Friday, April 10, 2009

Sperm Bank Sued for Supplying Bad Sperm

I don't have any professional training in ethics or law, but I can tell this is sure going to open up a can of worms. A 13 year old girl with Fragile X syndrome, which can lead to varying degrees of learning disability, is suing a sperm bank under product liability law. The sperm she was conceived with, which her mother bought from the bank in question, carried the genetic disorder (genetically, it's fairly easy to show it didn't come from mom).
"Donovan does not have to show that Idant was negligent, only that the sperm it provided was unsafe and caused injury. "It doesn't matter how much care was taken," says Daniel Thistle, the lawyer representing Donovan, based in Philadelphia, Pennsylvania."
According to Wikipedia (which we know is infallible), sperm donors may be subjected to various levels of genetic testing. Does anyone know if there are laws requiring them to test for certain disorders? I'd imagine some would be a good idea to test for, especially if they're dominantly inherited and late-onset like Huntington's*. Most recessive alleles are rare enough that there's not as much reason to test - that is, the odds of two random people carrying the same allele is incredibly low. At first glance you may think it's a good idea to hold sperm banks responsible for testing. I mean, you're selling a product, and you don't want to give someone a horrible disease, right?

Well, things aren't as simple as they seem. No two sperm are identical, and errors do occur. A single point mutation that occurs at extremely high rates is the cause of the most common form of dwarfism. A one in a million occurrence isn't going to show up in any sort of genetic testing you may do on a semen sample. The same holds true for any sort of disorder that results from aberrant chromosome number (Down Syndrome, Klinefelter's Syndrome, etc).

Even family history can't always alert us to a problem. This girl's situation is the perfect example. Fragile-X is a dominant X-linked disorder, so you should be able to see it in males, right? Well, not exactly. Fragile-X is caused by having too many trinucleotide repeats, much like Huntington's. Trinucleotide repeats like to do this thing called genetic anticipation, where in every generation they expand and make more and more copies. So while daddy's repeat number (and all of his family members') may be in the "normal" range, after expansion, there may be enough repeats to cause the syndrome. The number can also vary from sperm to sperm, so there's no good way to test this.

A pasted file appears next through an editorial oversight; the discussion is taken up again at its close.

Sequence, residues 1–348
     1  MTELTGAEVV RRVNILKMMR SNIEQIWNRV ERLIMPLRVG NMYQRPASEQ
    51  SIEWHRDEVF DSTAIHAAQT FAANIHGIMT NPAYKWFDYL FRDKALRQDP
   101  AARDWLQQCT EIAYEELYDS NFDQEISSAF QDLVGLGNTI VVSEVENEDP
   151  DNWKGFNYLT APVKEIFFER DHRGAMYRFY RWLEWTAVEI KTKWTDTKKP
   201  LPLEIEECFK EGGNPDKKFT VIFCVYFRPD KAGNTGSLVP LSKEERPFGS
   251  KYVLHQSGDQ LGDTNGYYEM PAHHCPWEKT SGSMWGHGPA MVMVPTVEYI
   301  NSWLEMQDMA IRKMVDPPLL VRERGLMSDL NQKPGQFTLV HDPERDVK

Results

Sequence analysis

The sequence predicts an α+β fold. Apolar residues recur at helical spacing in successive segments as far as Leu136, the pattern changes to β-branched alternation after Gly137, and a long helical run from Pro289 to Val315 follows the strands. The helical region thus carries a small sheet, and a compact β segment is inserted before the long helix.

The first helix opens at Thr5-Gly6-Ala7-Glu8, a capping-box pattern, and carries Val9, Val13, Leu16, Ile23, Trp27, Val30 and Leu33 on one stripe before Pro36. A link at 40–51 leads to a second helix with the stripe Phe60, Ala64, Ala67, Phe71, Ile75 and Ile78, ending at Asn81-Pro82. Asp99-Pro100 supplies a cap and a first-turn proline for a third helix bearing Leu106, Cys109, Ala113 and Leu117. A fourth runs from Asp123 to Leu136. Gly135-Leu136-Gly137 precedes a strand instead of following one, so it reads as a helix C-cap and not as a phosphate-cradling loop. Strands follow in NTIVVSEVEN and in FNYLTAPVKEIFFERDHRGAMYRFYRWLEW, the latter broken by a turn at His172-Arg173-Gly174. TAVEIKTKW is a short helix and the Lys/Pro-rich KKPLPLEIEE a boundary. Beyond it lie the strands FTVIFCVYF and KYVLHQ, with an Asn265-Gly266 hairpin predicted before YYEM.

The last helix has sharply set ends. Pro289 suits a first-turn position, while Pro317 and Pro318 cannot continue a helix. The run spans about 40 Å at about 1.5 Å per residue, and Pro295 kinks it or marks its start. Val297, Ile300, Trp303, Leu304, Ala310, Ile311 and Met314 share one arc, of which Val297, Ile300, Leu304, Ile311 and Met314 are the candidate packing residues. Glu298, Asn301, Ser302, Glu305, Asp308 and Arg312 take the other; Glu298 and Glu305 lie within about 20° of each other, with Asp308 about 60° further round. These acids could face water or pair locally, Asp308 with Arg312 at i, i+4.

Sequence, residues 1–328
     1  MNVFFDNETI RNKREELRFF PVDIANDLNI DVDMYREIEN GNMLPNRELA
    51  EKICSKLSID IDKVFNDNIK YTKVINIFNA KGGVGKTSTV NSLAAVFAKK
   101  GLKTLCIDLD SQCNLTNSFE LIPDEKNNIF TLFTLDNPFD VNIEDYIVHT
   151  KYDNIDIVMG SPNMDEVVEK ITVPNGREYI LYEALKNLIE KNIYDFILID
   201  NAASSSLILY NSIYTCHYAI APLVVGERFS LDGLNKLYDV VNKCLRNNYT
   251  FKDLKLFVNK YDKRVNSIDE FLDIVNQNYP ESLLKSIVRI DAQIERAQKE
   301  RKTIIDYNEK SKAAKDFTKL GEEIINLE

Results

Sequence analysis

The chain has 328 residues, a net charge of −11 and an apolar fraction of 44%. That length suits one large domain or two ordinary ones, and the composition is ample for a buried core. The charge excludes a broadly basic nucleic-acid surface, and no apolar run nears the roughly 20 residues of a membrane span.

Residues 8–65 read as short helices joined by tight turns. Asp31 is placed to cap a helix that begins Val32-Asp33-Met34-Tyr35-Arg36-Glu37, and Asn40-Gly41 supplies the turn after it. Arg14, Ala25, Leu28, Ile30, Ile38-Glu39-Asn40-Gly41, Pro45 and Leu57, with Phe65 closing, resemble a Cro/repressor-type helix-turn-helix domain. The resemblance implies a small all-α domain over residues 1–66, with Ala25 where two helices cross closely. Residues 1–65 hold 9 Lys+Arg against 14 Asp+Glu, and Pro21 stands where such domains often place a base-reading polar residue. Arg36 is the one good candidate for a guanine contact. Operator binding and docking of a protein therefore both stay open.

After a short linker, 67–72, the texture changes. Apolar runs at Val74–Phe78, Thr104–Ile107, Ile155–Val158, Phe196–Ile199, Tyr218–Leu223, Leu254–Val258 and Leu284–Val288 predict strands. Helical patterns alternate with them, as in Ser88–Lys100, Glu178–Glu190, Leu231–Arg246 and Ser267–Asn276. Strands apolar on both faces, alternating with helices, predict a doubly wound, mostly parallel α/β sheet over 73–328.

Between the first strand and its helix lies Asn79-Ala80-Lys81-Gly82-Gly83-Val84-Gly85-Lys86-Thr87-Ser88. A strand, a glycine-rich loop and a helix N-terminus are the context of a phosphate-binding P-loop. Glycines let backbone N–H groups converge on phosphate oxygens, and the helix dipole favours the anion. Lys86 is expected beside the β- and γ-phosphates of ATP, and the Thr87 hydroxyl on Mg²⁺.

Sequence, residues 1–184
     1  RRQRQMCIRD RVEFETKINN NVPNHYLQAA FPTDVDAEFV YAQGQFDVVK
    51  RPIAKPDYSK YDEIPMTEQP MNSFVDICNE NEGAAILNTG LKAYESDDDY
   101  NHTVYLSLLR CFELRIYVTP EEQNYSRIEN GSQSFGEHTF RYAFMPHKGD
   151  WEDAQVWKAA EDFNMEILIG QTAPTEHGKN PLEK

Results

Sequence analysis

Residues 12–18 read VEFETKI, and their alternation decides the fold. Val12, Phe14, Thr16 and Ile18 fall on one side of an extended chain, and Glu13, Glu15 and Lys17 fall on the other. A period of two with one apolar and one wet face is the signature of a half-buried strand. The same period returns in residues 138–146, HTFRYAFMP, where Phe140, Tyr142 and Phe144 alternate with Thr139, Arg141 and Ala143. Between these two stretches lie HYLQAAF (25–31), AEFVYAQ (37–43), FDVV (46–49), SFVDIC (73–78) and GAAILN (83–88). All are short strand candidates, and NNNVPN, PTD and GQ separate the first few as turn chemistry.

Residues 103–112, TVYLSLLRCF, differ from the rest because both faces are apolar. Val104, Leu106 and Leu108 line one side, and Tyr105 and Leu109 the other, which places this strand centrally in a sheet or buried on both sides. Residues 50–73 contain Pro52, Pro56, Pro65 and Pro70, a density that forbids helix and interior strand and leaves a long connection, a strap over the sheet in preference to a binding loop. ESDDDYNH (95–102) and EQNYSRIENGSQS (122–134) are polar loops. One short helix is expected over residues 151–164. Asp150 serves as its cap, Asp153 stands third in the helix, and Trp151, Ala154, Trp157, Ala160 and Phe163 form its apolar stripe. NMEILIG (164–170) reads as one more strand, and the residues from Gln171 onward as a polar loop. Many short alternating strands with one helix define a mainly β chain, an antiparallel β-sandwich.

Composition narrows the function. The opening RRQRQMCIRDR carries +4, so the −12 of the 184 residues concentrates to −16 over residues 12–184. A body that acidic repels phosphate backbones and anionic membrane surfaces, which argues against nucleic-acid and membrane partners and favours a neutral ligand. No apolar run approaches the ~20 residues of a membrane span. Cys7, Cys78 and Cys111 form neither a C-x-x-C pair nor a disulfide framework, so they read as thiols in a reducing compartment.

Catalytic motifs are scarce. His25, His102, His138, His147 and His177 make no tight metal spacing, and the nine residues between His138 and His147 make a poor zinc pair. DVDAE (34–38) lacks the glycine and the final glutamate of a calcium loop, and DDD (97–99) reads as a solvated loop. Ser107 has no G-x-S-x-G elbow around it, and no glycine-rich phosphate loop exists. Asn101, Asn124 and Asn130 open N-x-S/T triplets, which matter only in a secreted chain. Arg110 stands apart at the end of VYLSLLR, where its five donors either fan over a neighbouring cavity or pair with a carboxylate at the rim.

So you can see why if she wins, this is going to set a scary precedent. Sperm banks can screen like crazy, but there's always the possibility of getting some bad sperm. It's ridiculous to think you can sue them because something turns out wrong. Anyone who's ever reproduced is taking that same risk. In fact, it's probably lower because most people don't do genetic screening unless there's reason to be afraid. Sperm bank sperm is probably a safer bet than your man. So, should you be able to sue your spouse for providing bad genetic material? I certainly don't think so, but who knows...maybe the ensuing paranoia over reproducing would help fight our overpopulation problem.

Let's hope the judge on this case has some basic understanding of genetics.

*Of course, then you get into the whole ethical debate about whether or not to notify the donor or his children if he does have Huntington's...but that's a whole other issue.


  1. Huh. As the new reader who has an uncomfortable amount of professional training in both ethics and law, and without actually having read the filings or ruling so far in the case, this sounds really dumb.

    It's fairly standard to have strict liability (liability without negligence) for defective products in the U.S., but the rationale that hinges in large part on it being reasonably cheap for the manufacturer of a product to avoid the risks of injury. Something like a sperm bank seems to very poorly fit into that category.

    It's also a little bizarre to think that the sperm bank exposes its customers to any kind of risk, for the reason you mention (that the customer is going to be exposed to the same or worse risks no matter how she tries to bring about her goal -- the risks just come with the activity).

    (Aieee, it's a little unnerving to be the first commenter on several posts in a row. I swear I'm not weird.)

  2. Don't feel weird about commenting! Knowing I'm keeping at least one person interested is great ;P

  3. Suing your parents for crappy genetics was used as a darkly funny narrative device in Kurt Vonnegut's short story "The Big Space Fuck." It's such a shame that life imitates even the art it shouldn't.

  4. I have donated sperm and it involved being tested for a whole page of inheritable diseases, and requires a follow up 3 months after donation to redo all the tests before the sperm is used.

    Well at least I know I'm inheritable disease free. Maybe I should put that on a tshirt!